Civil and Environmental Engineering Team Wins National Sustainability Competition

Thursday, 27 June 2024
A group photo of the Sustainable Solutions Team

Georgia Tech's 2024 Sustainable Solutions Team

Georgia Tech has won first place at the American Society of Civil Engineers (ASCE) Sustainable Solutions Competition.

This is the second year in a row that the Yellow Jackets have won first place. Georgia Tech bested 17 other teams from around the country in the event, which was part of the ASCE Civil Engineering Student Championships at Brigham Young University June 20-22.

To say we are elated is an understatement,” said the team’s captain Mary Helvie, a fourth year civil engineering student. “A lot of us (most of all me) felt a lot of pressure from winning the previous year. We had big shoes to fill. We spent countless hours working together on this project and it's something we are extremely proud of.”

The Sustainable Solutions Competition challenges college students to address real-world issues with creative engineering solutions. For the 2024 competition, students were asked to respond to a fictional request for proposals to revitalize and redevelop an abandoned industrial waterfront area in a flood plain.

The area had three parcels the team was charged with designing. Their winning proposal included:

  • A stormwater park to minimize flooding and increase water infiltration, inspired by Atlanta’s Rodney Cook Sr. Park and the Georgia Tech EcoCommons.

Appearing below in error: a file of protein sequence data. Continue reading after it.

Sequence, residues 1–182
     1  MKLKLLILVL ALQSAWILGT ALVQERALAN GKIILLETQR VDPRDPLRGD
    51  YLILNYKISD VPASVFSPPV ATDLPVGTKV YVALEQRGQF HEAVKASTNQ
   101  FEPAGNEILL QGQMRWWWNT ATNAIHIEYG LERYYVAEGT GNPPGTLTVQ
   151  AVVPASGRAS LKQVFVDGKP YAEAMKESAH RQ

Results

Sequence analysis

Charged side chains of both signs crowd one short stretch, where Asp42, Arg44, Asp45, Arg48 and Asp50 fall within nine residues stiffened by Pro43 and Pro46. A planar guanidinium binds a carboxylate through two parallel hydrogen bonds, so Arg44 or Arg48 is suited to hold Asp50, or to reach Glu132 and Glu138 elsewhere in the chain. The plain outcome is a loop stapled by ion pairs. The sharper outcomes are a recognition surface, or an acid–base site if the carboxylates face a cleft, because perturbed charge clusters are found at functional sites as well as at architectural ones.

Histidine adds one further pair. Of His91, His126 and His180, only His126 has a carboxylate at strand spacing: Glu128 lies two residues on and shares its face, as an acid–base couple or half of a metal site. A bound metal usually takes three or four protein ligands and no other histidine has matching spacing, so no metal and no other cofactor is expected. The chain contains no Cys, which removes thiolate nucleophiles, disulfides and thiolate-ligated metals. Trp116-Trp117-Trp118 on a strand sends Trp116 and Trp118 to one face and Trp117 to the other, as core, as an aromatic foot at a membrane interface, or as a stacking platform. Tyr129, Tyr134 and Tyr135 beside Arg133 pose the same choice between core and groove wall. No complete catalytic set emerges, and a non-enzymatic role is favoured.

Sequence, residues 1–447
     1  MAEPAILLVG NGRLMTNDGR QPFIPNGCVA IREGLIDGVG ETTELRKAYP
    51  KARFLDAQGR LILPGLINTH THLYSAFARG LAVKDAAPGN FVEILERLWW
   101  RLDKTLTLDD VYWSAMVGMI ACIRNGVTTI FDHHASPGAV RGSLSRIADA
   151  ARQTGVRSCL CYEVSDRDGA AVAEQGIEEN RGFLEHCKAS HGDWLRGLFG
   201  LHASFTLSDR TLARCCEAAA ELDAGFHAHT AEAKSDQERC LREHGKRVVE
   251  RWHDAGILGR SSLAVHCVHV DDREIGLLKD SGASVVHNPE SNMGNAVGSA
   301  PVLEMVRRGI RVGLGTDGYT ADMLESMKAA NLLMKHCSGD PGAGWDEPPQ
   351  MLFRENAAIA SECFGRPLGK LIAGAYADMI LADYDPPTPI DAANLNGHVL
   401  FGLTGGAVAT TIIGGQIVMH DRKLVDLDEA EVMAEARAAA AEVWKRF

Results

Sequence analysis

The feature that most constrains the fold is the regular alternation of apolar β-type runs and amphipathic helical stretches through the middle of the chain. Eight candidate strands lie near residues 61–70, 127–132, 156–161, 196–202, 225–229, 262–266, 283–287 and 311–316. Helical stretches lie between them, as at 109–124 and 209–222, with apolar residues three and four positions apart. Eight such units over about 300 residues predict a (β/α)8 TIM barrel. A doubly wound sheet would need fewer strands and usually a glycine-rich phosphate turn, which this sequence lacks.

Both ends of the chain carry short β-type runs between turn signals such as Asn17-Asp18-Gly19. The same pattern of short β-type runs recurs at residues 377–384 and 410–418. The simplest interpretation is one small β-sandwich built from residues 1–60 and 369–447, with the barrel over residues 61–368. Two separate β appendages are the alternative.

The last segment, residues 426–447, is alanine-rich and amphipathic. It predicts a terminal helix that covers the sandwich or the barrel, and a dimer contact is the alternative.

• A five-story multi-use building with housing units, a grocery store, clinic, gym, bike repair shop, and more.
  • An education center, restaurant, and community garden. All of the buildings in this parcel had solar panels and were elevated for flood proofing.

“There was an existing railroad track in one of the parcels that was abandoned and unusable,” Helvie said. “Our team proposed transforming the area into a "rail trail" inspired by Atlanta's rails to trails program. Along this multiuse trail we proposed community markets and a commemorative arch made from the existing railroad tracks.”

Each of the participating schools in the competition were regional winners with impressive projects. Ultimately, Helvie said it was Georgia Tech’s hard work, collaboration, and thoroughness that set them apart.

 “We worked together and brainstormed the smallest details leaving no stone unturned,” Helvie said. “We weren't afraid to ask our peers, professors, and industry professionals for guidance when we needed it. Most of all, we each contributed, giving our everything to the project and knew we could rely on our teammates to do the same.” 

The team’s faculty advisor, Professor of the Practice Fred Meyer, said the students’ efforts were inspiring.

“I’m so proud of how our students came together to develop such a thoughtful, creative and sustainable design to address the future needs of our society,” Meyer said.